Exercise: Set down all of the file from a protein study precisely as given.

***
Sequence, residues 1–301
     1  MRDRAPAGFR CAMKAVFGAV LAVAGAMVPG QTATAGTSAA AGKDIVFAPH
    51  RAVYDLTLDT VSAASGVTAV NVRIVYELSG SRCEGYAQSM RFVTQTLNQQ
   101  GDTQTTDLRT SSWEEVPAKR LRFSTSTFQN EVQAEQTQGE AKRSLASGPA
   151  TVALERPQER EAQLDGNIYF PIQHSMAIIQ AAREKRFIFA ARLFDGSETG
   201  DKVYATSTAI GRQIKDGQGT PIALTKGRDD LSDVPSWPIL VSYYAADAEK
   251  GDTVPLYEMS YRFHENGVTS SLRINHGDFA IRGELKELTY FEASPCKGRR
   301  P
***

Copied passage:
Sequence, residues 1–301
     1  MRDRAPAGFR CAMKAVFGAV LAVAGAMVPG QTATAGTSAA AGKDIVFAPH
    51  RAVYDLTLDT VSAASGVTAV NVRIVYELSG SRCEGYAQSM RFVTQTLNQQ
   101  GDTQTTDLRT SSWEEVPAKR LRFSTSTFQN EVQAEQTQGE AKRSLASGPA
   151  TVALERPQER EAQLDGNIYF PIQHSMAIIQ AAREKRFIFA ARLFDGSETG
   201  DKVYATSTAI GRQIKDGQGT PIALTKGRDD LSDVPSWPIL VSYYAADAEK
   251  GDTVPLYEMS YRFHENGVTS SLRINHGDFA IRGELKELTY FEASPCKGRR
   301  P